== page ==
The “credibility and integrity” of Shane Sutton, the former British Cycling and Team Sky head coach, will be called into question by lawyers acting for the teams’ former doctor, Richard Freeman, at a medical tribunal in Manchester.
Freeman’s legal team said on Thursday that it had gathered information that would allow it to “go into his credibility and integrity and other issues” when Sutton takes the stand.
Sutton left British Cycling in 2016 after 12 years having masterminded the success of one of the most celebrated teams in British sport, enjoying phenomenal Olympic success. He was also instrumental in several of Team Sky’s Tour de France victories.
Freeman has admitted 18 of 22 charges relating to the delivery of testosterone to the national team’s headquarters in 2011. He has claimed that the banned performance-enhancing substance was ordered at Sutton’s behest, but the Australian has insisted he knew nothing about it.
On an explosive opening day of the General Medical Council tribunal, QC Mary O’Rourke said she had statements from three witnesses to support her attempt to discredit Sutton, with key evidence submitted to her this week. O’Rourke also said that bullying had been addressed in witness statements from Dr Steve Peters, the former British Cycling head of medicine, and Phil Burt, the former BC physiotherapist.
The Daily Telegraph can reveal that at least one former rider was approached earlier this week about sharing evidence with the tribunal.
The cyclist, a former team-mate of Sutton’s at the PMS-Dawes team, told The Telegraph on Thursday night that he had allowed for his sworn affidavit to be assessed after being approached by an intermediary. The evidence also names at least one prominent employee of British Cycling and another individual who, until recently, worked at the ruling body.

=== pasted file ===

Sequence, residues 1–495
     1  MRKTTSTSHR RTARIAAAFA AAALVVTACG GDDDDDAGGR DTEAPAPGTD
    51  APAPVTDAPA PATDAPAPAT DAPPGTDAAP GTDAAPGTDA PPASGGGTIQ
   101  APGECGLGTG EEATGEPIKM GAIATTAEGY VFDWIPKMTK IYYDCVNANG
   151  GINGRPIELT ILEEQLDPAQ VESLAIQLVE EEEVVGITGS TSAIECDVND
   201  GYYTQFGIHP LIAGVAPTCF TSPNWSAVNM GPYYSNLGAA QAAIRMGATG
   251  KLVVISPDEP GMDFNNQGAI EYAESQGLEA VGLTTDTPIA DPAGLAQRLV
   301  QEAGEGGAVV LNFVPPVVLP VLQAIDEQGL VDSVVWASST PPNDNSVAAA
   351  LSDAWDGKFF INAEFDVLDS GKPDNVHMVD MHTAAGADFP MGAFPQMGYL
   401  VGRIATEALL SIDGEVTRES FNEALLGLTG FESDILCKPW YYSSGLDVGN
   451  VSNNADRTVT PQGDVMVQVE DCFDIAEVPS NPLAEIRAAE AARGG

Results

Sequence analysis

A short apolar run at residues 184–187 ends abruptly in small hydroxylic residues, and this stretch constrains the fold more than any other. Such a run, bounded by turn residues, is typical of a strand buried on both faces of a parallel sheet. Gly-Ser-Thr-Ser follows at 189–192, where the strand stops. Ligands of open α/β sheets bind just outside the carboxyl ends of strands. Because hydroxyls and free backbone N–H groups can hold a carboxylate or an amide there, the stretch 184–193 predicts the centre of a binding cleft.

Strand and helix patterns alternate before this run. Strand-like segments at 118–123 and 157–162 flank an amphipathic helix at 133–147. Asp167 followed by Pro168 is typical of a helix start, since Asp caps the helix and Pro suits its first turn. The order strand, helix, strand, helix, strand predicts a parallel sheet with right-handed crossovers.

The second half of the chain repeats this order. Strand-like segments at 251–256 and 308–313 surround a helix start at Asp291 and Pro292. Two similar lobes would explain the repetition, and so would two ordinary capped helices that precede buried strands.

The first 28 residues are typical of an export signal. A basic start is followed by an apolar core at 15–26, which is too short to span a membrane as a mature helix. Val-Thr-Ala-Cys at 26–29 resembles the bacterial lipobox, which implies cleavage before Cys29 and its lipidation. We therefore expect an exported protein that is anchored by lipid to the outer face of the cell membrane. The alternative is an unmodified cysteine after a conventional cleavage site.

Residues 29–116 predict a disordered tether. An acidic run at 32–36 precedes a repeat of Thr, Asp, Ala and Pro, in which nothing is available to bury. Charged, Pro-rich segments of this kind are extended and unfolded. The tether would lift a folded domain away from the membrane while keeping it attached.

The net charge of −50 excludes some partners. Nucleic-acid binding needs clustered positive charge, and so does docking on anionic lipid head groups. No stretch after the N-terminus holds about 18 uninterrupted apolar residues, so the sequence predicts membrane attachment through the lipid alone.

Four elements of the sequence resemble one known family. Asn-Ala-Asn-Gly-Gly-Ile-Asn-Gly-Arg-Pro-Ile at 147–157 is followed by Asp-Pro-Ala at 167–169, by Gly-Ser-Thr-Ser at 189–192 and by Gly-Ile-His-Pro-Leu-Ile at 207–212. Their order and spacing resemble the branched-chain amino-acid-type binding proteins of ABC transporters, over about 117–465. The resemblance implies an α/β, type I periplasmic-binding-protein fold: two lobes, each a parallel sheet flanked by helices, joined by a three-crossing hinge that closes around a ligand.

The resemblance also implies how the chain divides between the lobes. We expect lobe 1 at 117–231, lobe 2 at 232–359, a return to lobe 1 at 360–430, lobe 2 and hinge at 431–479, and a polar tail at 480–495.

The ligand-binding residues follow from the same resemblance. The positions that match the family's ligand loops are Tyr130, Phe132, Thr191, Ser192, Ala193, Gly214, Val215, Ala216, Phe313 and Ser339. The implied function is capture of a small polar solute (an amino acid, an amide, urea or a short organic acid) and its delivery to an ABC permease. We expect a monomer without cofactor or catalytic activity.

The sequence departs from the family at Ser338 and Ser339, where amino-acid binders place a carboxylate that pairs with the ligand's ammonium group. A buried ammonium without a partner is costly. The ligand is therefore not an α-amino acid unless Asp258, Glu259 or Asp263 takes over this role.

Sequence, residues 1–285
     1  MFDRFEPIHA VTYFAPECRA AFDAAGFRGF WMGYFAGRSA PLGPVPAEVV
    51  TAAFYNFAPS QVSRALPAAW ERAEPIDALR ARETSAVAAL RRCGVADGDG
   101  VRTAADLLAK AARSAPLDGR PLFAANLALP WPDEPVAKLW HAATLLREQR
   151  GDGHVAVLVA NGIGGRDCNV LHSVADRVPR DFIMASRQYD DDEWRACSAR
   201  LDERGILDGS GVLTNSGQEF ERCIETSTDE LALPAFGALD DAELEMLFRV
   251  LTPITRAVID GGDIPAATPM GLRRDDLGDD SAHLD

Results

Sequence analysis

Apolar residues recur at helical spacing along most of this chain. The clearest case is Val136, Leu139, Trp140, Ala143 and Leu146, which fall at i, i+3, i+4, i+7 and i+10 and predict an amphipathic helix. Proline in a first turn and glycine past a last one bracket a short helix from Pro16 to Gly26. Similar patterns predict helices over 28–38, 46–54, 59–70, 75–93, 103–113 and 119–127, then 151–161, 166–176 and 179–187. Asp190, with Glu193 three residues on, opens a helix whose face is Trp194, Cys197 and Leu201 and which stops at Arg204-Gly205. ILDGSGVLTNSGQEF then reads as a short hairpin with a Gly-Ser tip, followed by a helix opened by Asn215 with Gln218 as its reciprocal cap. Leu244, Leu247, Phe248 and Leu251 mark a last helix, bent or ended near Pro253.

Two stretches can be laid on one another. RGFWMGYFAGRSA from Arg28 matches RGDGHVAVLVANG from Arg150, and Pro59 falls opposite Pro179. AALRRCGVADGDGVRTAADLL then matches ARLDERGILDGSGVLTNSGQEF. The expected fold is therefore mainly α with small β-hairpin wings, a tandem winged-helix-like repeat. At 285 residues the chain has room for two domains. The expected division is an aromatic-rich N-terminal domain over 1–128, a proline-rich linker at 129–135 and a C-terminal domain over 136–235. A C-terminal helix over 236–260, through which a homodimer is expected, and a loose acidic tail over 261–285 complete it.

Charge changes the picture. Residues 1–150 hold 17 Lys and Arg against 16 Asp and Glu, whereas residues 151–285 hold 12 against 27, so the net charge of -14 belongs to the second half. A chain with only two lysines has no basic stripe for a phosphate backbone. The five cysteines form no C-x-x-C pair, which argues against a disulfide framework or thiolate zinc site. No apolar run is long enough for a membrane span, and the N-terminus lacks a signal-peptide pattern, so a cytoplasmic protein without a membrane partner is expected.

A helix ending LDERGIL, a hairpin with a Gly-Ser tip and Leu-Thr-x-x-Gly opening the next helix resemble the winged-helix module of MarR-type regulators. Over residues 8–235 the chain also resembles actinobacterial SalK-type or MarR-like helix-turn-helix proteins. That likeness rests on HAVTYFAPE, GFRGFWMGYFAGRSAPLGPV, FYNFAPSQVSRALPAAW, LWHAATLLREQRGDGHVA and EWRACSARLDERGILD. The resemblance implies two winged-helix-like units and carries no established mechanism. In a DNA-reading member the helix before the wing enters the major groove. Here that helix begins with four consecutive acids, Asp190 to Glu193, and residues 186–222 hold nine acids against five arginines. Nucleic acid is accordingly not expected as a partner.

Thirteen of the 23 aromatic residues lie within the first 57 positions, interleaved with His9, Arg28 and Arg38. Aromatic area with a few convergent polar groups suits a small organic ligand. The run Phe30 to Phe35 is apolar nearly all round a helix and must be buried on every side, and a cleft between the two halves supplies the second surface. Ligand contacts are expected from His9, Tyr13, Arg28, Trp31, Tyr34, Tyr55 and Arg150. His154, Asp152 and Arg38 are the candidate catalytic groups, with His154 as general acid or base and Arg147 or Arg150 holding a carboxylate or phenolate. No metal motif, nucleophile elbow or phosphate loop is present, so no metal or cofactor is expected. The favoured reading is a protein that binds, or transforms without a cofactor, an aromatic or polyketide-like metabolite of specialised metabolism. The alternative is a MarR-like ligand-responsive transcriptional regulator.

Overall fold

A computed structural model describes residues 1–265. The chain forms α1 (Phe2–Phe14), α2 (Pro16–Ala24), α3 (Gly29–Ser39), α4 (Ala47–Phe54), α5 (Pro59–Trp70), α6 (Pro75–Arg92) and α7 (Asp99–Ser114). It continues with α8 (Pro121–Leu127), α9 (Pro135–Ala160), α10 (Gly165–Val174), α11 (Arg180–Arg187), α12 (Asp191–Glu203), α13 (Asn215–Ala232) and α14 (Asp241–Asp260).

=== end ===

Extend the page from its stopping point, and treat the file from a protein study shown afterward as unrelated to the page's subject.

There is no suggestion that Sutton has broken any rules and he has always denied doing so, as both rider and coach.
O’Rourke also said she hoped to use information regarding Sutton that was submitted to a 2018 parliamentary inquiry into doping in sport, but not published. It was conducted by the Department for Digital, Culture, Media and Sport, chaired by Damian Collins. The prospective whistle-blower’s testimony was also passed on to Collins.
O’Rourke also revealed that she was considering a “35A” legal application that would attempt to force an unnamed national newspaper to disclose written documentation relating to Sutton that would allegedly discredit him.
Freeman last week admitted telling “a lot of lies” in previous GMC and UK Anti-Doping investigations into the 30 sachets of testosterone gel delivered to the national velodrome in Manchester. However, he has now admitted the majority of the charges.
Freeman was initially charged with ordering the testosterone for athletes, although that was lowered on Thursday to ordering it for a non-athlete member of staff in the “knowledge or belief” that it would be given to an athlete.
O’Rourke said she was “very disappointed” by the amended charge. It is understood that she hopes to prove that Freeman was bullied into ordering the package from Oldham-based Fit4Sport Limited. It is likely to be more difficult to disprove the new allegation against Freeman.
Freeman has also admitted lying when he originally claimed that the order had been made in error. He has also admitted that, five months later, he had requested an email from Fit4Sport to say that the order was made in error. Dr Freeman quit as British Cycling team doctor in 2017 following what he last year said had been “suicidal thoughts”. He failed to appear at the adjourned medical tribunal earlier this year and at the parliamentary inquiry for health reasons. It emerged yesterday that Peters and Burt are also set to be called as witnesses, most likely towards the end of next week. Eighteen witness statements will be read out at the tribunal.
Sutton, who was due to appear as a witness early next week, was personal coach to Sir Bradley Wiggins when he won the 2012 Tour and is currently working with a Chinese team. He lost his job as technical director of British Cycling after an internal review upheld an allegation that he used sexist language in the role.